Drinkwater made use both of his runs behind and passes during counters, where he could play quick and long passes behind the defence and find space with his runs behind to receive passes joining the box, while both wing-backs could often find themselves as the spare man on the outside to play crosses into the box (Zappacosta), or inside the box (Alonso) at the far post.

After a number of successful and threatening counters, Liverpool began to foul Chelsea’s attacks when they tried to start further counters, which was a successful solution for them. Furthermore, many of Chelsea’s counters led to corners, which they were unable to take advantage of. When Chelsea lost the ball and Liverpool tried to counter from these corners, their reactions to recover in numbers and at speed to stop Liverpool’s counters was exceptional.

Chelsea with the ball

With the ball, Chelsea possession faced some issues in their own half through Liverpool’s pressure from the front. When building from the back, Liverpool would match Chelsea’s back three with their front three, the wingers pressing inside to block the first pass out to the wing-backs, while Coutinho moved up to pressure the central midfielders. Upon passes out to Zappacosta from those midfielders, Coutinho (and later Wijnaldum) would quickly continue the press out wide to the Chelsea right back, creating an overload with Chamberlain also joining and forcing Azpilicueta to drop back deep to receive the ball. Chelsea would usually end up playing long from Courtois, with Liverpool consistently preventing the Blues from finding a forward pass.

Liverpool are generally able to press with fewer numbers with these coordinated movements wide, while also benefiting from Chelsea being spread wide but unable to find passes to the spare players on the far side—so Liverpool both pressed with an underload and maintained an overload at the back at all times to cover if Chelsea were able to break the pressure at the front.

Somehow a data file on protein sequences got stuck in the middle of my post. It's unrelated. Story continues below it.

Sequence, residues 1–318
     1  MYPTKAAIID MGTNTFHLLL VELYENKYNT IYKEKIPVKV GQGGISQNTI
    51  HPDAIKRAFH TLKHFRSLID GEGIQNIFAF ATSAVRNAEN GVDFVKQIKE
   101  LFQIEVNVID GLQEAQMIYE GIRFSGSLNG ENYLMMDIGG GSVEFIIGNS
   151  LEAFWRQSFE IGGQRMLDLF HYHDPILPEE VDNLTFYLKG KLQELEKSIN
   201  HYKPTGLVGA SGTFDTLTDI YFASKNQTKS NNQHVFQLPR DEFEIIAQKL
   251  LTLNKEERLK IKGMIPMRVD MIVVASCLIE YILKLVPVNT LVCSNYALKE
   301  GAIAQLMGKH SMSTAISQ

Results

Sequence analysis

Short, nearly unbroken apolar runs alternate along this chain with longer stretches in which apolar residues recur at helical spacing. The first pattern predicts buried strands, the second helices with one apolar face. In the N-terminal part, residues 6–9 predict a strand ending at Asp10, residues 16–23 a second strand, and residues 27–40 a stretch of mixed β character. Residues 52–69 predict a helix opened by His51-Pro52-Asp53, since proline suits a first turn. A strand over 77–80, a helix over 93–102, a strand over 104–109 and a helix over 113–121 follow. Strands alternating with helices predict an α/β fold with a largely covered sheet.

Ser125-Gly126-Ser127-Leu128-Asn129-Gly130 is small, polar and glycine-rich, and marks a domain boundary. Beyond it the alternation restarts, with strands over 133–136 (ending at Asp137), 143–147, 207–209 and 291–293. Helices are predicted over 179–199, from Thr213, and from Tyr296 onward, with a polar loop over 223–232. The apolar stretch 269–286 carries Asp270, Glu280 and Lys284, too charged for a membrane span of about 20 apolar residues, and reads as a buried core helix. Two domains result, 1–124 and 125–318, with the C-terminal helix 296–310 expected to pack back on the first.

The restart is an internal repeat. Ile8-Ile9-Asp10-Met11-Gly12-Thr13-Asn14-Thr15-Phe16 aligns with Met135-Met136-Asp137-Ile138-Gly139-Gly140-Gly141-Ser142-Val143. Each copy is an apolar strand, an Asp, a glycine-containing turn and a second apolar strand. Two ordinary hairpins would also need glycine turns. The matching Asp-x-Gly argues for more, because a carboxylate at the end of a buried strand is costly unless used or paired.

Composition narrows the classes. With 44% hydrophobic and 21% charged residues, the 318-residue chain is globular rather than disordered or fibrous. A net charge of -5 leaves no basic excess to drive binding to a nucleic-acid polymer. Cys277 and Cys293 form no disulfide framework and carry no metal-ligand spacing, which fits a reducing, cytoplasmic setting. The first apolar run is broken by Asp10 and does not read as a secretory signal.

Chelsea’s long play had mixed success. Long out to Alonso was contested aggressively by Gomez, and the weight of the pass would often lead to the ball going out. Bakayoko and Morata were much more successful at winning the first ball inside Liverpool’s half. With the central midfielders and Hazard in support of the second ball, Chelsea managed to create a couple of opportunities to shoot.

When Chelsea were able to keep possession in midfield and Liverpool would drop back to a flat five in midfield, Chelsea could create and cause Liverpool a lot of problems at the back.

When Kante had space in midfield, Sturridge being closer to Chelsea’s central defenders and Liverpool’s midfield line too flat and deep to pressure him, he could open up and play long passes behind the defence on the right, where Zappacosta and Drinkwater were making runs behind. Christensen could also carry the ball forward in these moments, which would push Liverpool’s midfield back to open more space in midfield.

In the second half, Liverpool tried to prevent Kante from having as much space in possession in midfield, where Henderson tried to quickly press Kante upon receiving the ball. However, Kante’s acceleration, dribbling, and closer control allowed him to easily go past the pressure and carry the ball into Liverpool’s half before being fouled.

Hazard was again able to create individually by beating Liverpool’s midfielders with dribbling and then playing passes behind to Drinkwater, again, and Morata. Zappacosta found himself in many situations to play crosses into the box from the right, with numbers joining the box, but Chelsea were unable to finish the chances created.

To stop one of Chelsea’s typical ways of creating, with Azpilicueta’s crosses into Morata, Coutinho was always very aware of Azpilicueta on the ball, staying close to him and preventing him the space space to carry the ball forward.

During these moments of high possession, when Chelsea lost the ball they could win it back quickly primarily through Kante. In particular, he was able to win the high balls in the air where he would either win the header or force the opponent to miss the ball and allow it to bounce, where his reactions and speed would allow him to quickly pick up the loose ball before anyone else.